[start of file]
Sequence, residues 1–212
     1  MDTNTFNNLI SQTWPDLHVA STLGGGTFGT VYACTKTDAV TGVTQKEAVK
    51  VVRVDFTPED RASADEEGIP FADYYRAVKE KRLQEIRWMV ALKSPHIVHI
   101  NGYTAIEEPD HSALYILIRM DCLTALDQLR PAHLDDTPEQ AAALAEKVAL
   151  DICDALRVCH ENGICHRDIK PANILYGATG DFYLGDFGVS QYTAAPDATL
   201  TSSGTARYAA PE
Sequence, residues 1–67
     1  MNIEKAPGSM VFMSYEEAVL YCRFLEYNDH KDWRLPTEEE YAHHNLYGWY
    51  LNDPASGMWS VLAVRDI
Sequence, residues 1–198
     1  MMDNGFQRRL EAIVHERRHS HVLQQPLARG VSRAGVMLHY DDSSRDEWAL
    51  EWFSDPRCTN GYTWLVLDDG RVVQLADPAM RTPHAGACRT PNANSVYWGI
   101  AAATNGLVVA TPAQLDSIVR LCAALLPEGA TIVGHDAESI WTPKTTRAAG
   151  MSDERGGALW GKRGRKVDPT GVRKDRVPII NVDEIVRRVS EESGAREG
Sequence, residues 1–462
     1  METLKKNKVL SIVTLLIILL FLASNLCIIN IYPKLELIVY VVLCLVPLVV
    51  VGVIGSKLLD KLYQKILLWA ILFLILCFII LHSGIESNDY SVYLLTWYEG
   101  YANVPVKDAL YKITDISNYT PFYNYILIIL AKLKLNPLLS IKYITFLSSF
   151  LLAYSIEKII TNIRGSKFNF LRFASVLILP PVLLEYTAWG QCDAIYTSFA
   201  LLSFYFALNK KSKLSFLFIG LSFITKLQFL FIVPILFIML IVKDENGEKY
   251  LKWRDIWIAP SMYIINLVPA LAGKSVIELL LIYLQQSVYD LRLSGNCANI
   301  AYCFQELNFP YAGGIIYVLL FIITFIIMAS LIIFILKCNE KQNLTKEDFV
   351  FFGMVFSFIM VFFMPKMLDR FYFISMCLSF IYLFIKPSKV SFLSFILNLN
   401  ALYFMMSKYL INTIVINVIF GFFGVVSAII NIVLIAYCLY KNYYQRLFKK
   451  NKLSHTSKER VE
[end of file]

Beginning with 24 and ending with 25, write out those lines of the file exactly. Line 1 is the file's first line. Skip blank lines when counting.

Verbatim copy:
   401  ALYFMMSKYL INTIVINVIF GFFGVVSAII NIVLIAYCLY KNYYQRLFKK
   451  NKLSHTSKER VE